Norse mythology is the belief of northern European society before the arrival of Christianity.
These beliefs and legends spread to other northern European countries, including Iceland, where sources for these mythologies are available.
Norse mythology is a collection of ancient beliefs of northern European society that contains stories about supernatural beings, cosmology, and other myths written in poetry or prose and summarized in Eddas.
This mythology was written before and after the arrival of Christianity in northern Europe.
In Scandinavian folklore, mythology still survives and in rural areas this ancient tradition is still visible today. This mythology also influences and inspires literature today.
Scandinavia is actually a group of countries inhabiting the northern part of Europe. They consist of the Nation of Norway, Denmark, Sweden, parts of Germany, and Iceland.
Scandinavians are often referred to as Norseman, or Northman. The most famous Scandinavians are probably the Vikings, adventurers and pirates from Norway.
The exploration of this Viking group to various regions in Northern Europe and its surroundings, is probably the cause of the development of their myths and legends.
Like other great nations like Greece, the Scandinavians also had their own beliefs about the god who protected them and how this world was created by them.
However, their myth is rarely widely known by other peoples, in contrast to the Greek myth which is more popular.
However, if we look at their mythological stories, there are some facts that are very similar between the stories of the gods in this world, be they Greek or Scandinavian stories.
In historical records, many ancient people followed Paganism, a belief that worshiped gods. These gods are considered to be the creators of the universe and humans.
The same thing happened in Northern European countries. However, due to the intervention of Christian historians in the Middle Ages, there were many changes to their culture and way of worship.
In ancient times pagan beliefs generally involved offerings in the form of living things and even humans as offerings.
This is of course very contrary to modern religious culture. As a result, many of their mythologies and legends are lost and go unrecorded. Or some authenticity cannot be ascertained because there is no factual support.
Since this mythology has appeared in many parts of Northern Europe, there are usually various versions. This usually happens because the myth is adapted to the region in question.
Likewise with the names of gods and their roles, as well as important events, such as Odin, also known as Wotan in Germany, or Woden in England.
In Norse mythology, there are nine known worlds, nine of which are connected by the Yggdrasil tree.
In Norse mythology, the Yggdrasil tree is the center of the world. In the branches and roots there are different worlds, namely:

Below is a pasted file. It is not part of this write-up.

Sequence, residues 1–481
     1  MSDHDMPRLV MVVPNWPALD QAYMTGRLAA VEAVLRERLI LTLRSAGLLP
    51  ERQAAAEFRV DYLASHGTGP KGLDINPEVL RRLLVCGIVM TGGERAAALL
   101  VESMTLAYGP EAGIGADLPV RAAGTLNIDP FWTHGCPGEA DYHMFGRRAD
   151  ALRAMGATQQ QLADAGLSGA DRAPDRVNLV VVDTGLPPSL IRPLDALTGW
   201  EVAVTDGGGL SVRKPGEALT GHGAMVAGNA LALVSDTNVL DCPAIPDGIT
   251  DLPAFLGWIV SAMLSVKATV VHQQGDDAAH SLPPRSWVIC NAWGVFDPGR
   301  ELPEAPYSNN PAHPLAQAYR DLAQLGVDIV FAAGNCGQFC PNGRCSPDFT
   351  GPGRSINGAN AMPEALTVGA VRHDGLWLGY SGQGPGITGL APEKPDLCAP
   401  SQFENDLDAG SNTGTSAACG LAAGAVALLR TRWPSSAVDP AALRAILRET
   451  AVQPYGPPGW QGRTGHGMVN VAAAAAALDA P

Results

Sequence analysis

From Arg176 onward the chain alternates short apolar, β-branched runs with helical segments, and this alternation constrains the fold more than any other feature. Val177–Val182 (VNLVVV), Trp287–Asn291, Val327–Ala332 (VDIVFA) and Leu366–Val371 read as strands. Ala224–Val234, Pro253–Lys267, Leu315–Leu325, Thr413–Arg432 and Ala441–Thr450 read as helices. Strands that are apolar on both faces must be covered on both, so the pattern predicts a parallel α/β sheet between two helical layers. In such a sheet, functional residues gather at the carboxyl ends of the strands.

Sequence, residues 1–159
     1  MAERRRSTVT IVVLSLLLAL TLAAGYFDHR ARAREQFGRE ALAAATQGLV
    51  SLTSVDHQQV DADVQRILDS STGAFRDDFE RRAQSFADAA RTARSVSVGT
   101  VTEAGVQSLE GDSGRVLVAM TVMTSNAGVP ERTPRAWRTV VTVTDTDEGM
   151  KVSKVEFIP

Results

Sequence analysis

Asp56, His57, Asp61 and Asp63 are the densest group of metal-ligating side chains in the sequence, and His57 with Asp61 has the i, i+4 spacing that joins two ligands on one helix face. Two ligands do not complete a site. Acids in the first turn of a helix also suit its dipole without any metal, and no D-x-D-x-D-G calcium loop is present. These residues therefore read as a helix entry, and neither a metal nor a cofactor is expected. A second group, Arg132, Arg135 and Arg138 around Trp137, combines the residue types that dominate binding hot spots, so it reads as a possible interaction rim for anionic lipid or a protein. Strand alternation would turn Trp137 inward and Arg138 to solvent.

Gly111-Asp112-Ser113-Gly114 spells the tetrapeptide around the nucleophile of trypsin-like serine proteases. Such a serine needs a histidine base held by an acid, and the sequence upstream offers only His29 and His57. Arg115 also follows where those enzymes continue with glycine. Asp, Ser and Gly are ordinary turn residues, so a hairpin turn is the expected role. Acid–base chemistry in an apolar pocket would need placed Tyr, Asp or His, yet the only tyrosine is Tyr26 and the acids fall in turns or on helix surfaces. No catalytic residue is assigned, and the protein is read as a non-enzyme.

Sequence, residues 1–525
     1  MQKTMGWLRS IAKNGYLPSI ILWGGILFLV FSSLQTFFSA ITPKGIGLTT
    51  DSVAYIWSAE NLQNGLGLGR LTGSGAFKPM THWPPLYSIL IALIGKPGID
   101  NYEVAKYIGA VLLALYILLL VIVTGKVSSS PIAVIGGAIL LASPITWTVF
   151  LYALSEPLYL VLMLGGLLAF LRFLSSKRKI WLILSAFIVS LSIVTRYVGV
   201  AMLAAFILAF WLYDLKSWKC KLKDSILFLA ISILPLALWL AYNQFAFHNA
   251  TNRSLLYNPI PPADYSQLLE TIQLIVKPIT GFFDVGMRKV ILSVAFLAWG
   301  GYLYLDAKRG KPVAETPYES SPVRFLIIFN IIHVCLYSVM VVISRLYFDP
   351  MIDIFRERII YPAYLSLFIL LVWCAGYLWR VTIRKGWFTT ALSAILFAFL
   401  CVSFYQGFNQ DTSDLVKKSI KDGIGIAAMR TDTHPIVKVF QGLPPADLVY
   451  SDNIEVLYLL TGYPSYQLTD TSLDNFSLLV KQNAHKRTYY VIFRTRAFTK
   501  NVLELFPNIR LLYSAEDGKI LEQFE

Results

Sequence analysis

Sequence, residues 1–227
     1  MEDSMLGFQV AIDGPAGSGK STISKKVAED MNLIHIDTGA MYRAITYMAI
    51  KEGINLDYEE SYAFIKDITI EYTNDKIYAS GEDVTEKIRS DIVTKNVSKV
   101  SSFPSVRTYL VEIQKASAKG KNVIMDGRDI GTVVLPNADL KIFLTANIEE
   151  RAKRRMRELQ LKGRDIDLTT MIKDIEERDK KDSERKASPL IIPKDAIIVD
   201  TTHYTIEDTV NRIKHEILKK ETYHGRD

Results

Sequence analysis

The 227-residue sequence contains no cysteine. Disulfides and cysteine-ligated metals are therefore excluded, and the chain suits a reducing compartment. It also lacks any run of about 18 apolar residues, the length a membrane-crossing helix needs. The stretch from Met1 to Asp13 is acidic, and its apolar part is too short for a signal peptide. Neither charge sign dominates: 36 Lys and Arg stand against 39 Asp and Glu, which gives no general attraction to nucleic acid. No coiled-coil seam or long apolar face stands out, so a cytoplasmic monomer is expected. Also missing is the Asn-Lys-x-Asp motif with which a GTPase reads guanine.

This place is on the first floor. Asgard is the Aesir realm, one of the strongest races of gods, destroyers and warriors.
But that doesn’t mean they are a bad race of gods, because in order to protect life and the universe there must be war and destruction for balance.
One of the things that made Asgard famous was the existence of a very large hall called Valhalla, where Odin and the other gods gathered and entertained the Einherjar, a person who died in battle brought by Valkrye (a ghost who decides who dies in war).
One version says that Vanaheimr is on the same level as Asgard, they are side by side. But another version says this Vanir world is under Asgard.
The Vanir are a race of gods of protection, fertility and nature preservation.
It is said that Vanir and Asgard always fought until they finally made peace and there were several Vanir races who were appointed to the gods of Asgard and vice versa.
After reconciling, they unite against the Jotun, a race of giants.
Next is the world of Elves. They are a very mysterious race and have magical powers.
They are never clear on whose side they are, sometimes neutral, sometimes helping the gods, helping humans, but sometimes they can also be very cruel and threatening.
Midgard or Middle Earth. This is the human world. Between Midgard and Asgard there is the Bisfort bridge.
Midgard is surrounded by a vast ocean where Jormungandr resides, the giant snake monster who is the son of Loki and the giant Angrboa.
It is the residence of the giant Jotun. They are a threat to both gods and humans.
- Nidavellir or Infierno
The residence of the dwarves. They lived in caves or underground as adept miners and were adept at making tools and weapons out of metal.
The world of Svartálfar (Swart Elfs) or Dökkálfar (Dark Elves), namely the Elves of the dark.
The world of fire and the residence of the fire giants who are Aesir’s eternal enemies. One of them is Surt, a giant whose skin is shaped like lava and hair of fire.
Then the fire from this muspel burned the Bisfort bridge and started the Ragnarok war.
If Muspel is a fire world, then Nifhel is the opposite. This is the world of ice and is the coldest area.
The house of the ice giants or Frost Giants which is ruled by Loki’s sister Hel. Nifhel is the first of the nine worlds that became the origin of the universe. The place where the dead are.
The nine worlds in Norse mythology were created by Odin and his brothers after killing Ymir, the giant who was the first living thing to be created in the universe.
It was this part of Ymir’s body that formed the basis of the world they created.